Britain's first book blogger (November 2000)

Saturday, November 24, 2007

Spurious disengagement

Spurious attempts a 'reading biography':
I read, now, in response to what fascinated me in the interval into which reading, meaning seemed to plunge. It was books in which I'd find that same plunging that I sought - books as they were ringed around a waterfall, the fall of reading into itself.
I am comfortable in the company of such mannered obliqueness. Colm Toibin says we read Henry James because he was "not given to frankness or indisputability" and I read Spurious because of a corresponding disengagement. You won't find "debate" here - what really should not be called debate but the received rhetoric of the herd. But this time disengagement is mentioned explicitly: "there is the surprise" he writes "that I would never involve myself in the clash between what is called literary and what is called genre fiction". Of course, I'm disappointed, but disappointment is disingenuous as Spurious' post merely reverses into the clash. Nor would he "feel a proud vindication, seeing Ballard revered, or Dick; or Crowley receiving his due, or Wolfe" because (it is clear) genre is not the purpose of his reading. His reading is thereby literary. This is as much as should be said. But I have to go on. All works form a genre in coming into existence. Vindication would both justify and remove that genre's worth. Otherwise all works of genre are vindicated and the particular erased. Resistance to genre marks the literary. Hence perhaps Spurious's recognition that many of his admired authors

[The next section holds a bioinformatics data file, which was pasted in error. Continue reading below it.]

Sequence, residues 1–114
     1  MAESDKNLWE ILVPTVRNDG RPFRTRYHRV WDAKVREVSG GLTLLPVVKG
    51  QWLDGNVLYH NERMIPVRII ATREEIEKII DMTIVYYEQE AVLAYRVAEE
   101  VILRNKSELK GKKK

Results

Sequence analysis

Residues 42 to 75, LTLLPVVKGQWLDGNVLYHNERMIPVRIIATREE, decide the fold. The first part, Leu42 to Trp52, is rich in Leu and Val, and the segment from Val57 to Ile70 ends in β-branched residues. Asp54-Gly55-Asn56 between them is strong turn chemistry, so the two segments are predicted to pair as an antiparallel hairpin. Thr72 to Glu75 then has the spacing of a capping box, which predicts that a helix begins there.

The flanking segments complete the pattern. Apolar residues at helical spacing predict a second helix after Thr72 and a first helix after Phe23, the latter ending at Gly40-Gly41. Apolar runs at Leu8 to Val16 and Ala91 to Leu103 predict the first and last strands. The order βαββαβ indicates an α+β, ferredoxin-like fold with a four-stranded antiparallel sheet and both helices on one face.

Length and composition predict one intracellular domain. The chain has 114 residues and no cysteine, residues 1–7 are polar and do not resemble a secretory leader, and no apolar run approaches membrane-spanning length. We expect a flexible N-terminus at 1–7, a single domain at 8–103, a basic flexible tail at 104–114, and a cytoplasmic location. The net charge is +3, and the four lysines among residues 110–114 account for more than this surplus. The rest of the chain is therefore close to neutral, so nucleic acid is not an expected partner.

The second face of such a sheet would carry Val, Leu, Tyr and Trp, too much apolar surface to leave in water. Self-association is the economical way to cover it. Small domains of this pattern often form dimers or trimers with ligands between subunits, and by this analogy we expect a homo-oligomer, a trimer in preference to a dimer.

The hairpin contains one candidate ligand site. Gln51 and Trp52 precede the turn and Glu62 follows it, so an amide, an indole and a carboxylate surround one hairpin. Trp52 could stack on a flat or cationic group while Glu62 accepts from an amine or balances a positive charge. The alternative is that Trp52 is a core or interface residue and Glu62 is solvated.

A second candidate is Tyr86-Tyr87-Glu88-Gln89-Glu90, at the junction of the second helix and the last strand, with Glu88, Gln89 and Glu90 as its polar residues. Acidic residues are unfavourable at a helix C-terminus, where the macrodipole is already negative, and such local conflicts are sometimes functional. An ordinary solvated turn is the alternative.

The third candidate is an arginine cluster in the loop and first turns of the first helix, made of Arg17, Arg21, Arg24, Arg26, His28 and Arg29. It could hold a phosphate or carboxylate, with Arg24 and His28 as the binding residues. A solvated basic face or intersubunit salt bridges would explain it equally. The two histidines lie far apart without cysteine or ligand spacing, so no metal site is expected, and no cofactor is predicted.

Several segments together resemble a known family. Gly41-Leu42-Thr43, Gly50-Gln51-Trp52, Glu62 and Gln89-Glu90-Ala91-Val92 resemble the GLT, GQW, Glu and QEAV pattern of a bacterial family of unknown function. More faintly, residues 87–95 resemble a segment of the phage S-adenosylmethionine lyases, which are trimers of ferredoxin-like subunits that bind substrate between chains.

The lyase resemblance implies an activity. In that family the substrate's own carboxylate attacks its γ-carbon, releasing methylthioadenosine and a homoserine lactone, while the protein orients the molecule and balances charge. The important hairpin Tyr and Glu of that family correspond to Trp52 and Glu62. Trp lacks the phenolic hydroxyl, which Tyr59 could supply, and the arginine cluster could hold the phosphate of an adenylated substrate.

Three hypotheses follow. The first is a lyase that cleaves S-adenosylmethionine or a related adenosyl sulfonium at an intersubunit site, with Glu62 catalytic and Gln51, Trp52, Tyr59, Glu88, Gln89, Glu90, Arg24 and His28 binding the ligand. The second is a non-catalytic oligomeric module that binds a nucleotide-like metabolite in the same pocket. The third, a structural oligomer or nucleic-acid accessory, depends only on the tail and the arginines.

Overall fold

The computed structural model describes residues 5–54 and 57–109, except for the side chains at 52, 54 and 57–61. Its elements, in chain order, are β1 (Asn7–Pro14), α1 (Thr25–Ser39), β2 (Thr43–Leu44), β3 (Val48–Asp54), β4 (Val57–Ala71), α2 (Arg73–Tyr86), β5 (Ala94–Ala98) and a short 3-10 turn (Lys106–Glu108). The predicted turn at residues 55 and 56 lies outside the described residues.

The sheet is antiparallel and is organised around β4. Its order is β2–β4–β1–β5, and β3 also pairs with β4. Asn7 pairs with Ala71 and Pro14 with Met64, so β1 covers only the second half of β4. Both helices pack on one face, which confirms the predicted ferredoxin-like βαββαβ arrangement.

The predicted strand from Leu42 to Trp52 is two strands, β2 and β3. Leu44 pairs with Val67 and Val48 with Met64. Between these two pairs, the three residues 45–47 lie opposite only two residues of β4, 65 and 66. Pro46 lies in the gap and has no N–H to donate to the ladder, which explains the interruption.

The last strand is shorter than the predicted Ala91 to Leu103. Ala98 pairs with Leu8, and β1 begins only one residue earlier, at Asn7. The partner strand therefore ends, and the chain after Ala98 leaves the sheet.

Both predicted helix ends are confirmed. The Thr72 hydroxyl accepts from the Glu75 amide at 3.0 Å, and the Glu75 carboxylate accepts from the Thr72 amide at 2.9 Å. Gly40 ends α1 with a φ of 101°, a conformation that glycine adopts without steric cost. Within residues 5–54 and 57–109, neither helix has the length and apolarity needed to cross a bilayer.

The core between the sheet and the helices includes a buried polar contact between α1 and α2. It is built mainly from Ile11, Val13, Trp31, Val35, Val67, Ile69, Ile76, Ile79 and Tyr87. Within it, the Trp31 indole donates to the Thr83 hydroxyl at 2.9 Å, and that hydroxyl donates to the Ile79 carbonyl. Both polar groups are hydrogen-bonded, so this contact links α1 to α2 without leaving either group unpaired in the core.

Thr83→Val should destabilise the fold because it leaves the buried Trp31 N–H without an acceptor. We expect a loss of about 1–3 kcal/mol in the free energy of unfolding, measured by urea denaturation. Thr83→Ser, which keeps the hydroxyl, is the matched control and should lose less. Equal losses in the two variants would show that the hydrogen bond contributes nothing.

have a small pallette of concerns, of moods, of characterisation, of plot. A small palette, painting dark grey on black - but that is enough, for it is in the wearing away of plot, of character, in the exacerbation of mood that I find I can discover [a] kind of non-reading, the inward waterfall that draws me to its edge.

2 comments:

  1. You say, "resistance to genre marks the literary". Surely you do not mean to be exhaustive here, I realize, but there is something very timid in the direction of this line of thinking. As there is in Spurious' whole non-style style of writing. Aren't genres always just spin-offs of the literature that preceded them? For all of Spurious' elegant postering on the edge of reflection, he always ends up with some flat metaphor. An "inward waterfall" indeed. That's a waterfall that doesn't really fall, nor have water; unless you are getting sick, maybe. That's bad poetry, to which we are all susceptible; and bad poetry is the most popular genre of all.

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  2. What isn't a timid direction of thought in this case? It's a shame you don't offer one. But no, I suspect genre isn't a spin-off, just a flattening of literature. Perhaps timidity too.

    And yes, we're all susceptible to bad poetry. You've convinced me. Thanks.

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